TEXT_SIZE
Please update your Flash Player to view content.
   These are the stories we are working on for this week's newspaper:
  • Quick fix: A plumbing problem is forcing the Plumas Unified School District to move its headquarters to the former probation building.
  • Lesser charges: A former Chester Public Utility District general manager pleaded guilty to reduced charges last month in connection with unauthorized use of a district credit card at a Reno strip club.

Plumas braces for shift of inmates from prison to jail

Joshua Sebold
Staff Writer
3/18/2011


New Plumas County District Attorney (DA) David Hollister explained some of the unique challenges that would be facing his office in the future, during a recent Board of Supervisors meeting.

The DA said new Gov. Jerry Brown supported former Gov. Arnold Schwarzenegger's plan to shift some of the state prison burden back to the counties.

Hollister anticipated that prisoners originally sentenced to terms of three years or less would soon be returned to the counties they came from, while new offenders convicted of those crimes would also serve their time in jail.

The attorney argued this change would impact small counties disproportionately because they prosecuted a larger percentage of offenders with shorter sentences.

Hollister said when he worked in Oakland he spent all of his time trying cases that either involved the possibility of life in prison or had a cop as the defendant because high profile cases were the only ones people cared about there.

He told the supervisors smaller crimes had a larger impact on people's quality of life in small communities, where the expectations were different.

"Somebody breaks into Quincy Drug - that's a big deal to me. That's somebody who probably ought to go to prison. Somebody selling meth, maybe to school kids - that's a big deal to me. That guy goes to prison."

Hollister indicated both of those crimes had maximum sentences of three years meaning, "Those people will be housed in county jail."

"We have a finite number of beds in the county jail," he continued. "Those beds are now the most valuable beds in Plumas County because we need to pay attention to who fills them and that is going to be a real challenge."

Indian Valley Supervisor Robert Meacher asked how many criminals convicted each year in Plumas County received sentences longer than one year but shorter than three. These are the people that were previously in prison but would soon be housed in jail.

Hollister guessed the number was somewhere between 20 and 50 each year.

"We don't have that many beds," Eastern Plumas Supervisor Terry Swofford exclaimed.

Hollister confirmed that was the case, adding, "We're going to have to work with probation."

"The folks that are in there, maybe on their third-time DUI, we need to do something else for them."

He concluded electronic home monitoring or work programs would have to become larger parts of the county's incarceration plans.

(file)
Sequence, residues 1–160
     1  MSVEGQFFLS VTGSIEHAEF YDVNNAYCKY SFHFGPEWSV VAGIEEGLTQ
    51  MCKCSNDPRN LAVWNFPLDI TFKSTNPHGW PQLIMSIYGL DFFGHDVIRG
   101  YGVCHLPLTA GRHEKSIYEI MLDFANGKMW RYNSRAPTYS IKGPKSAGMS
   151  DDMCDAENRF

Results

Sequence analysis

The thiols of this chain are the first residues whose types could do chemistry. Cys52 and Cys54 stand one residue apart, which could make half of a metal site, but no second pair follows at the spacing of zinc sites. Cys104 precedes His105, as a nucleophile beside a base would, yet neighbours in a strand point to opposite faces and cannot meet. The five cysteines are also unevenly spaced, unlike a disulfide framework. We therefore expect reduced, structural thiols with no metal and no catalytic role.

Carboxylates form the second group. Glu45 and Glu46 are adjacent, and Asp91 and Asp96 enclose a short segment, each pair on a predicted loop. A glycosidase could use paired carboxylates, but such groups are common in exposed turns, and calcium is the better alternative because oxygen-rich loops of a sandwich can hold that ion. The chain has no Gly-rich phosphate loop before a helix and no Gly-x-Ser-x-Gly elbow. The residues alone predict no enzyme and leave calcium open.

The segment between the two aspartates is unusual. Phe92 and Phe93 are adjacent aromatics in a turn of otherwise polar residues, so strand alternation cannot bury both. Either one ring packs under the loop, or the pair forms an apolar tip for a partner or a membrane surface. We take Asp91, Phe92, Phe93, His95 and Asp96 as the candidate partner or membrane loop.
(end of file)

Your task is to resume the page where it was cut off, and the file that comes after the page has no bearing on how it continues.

Prescription drugs

The DA explained Plumas wasn't immune to the growing prescription drug abuse problem, commenting that it was "catching up with methamphetamine around here."

"Isn't that because the CHP is focusing very heavily on that these days?" Meacher asked.

"Maybe with the DUI part of it, but we're seeing burglaries for people to steal those out of retirees' houses, people that are selling them."

"We had one who came along, somebody who had 400 pills in their pocket. I mean they're not going to take 400 hydrocodone pills."

"We're starting to see the effects of it, just very damaging to young folks - very addictive - and something we're really trying to watch."



The Hollister doctrine

On his personal philosophy, Hollister told the board, "Politics stay out of the courtroom."

The DA said this meant he would never have an answer for questions like "What's your policy on methamphetamine sales? What's your policy on murder, or child molestation?"

"That's not fair to the system. It's not fair to the defendant. It's not fair to the victim."

"We look at each case individually," he concluded.
Move
-

Sports Headlines

Top Headline

FRC rodeo to open arena for anyone brave enough

FRC rodeo to open arena for anyone brave enough

This cowboy holds on for dear life during last year’s saddle bronc riding portion of the rodeo clinic at Feather River College. For the third year, FRC’s rodeo...

Read More...

New class plans paddle fest

New class plans paddle fest

Quincy locals try out some human-powered boats at last year’s Plumas Paddle Fest, presented by the Outdoor Recreation Leadership program of Feather River College....

Read More...

Fishing Report for the week of 4/18/2014

Fishing Report for the week of 4/18/2014

Robert Paulson, of Meadow Valley, holds up the 23-pound Mackinaw he caught at Bucks Lake on April 6. Photo submitted Michael Condon Staff Writer 4/18/2014Read More...

Contact Us
up_contact
Facebook Image

BarberBtn

Local Events

National Headlines

Auto Parts
CanyonMotorsButton
Moving and Storage
LassenNews.com
Yellow Page Directory
Yellow Pages
Advertise with us
Dining Guide
PlumasDiningCoverWeb
Visitors Guide
"); pageTracker._trackPageview(); } catch(err) {}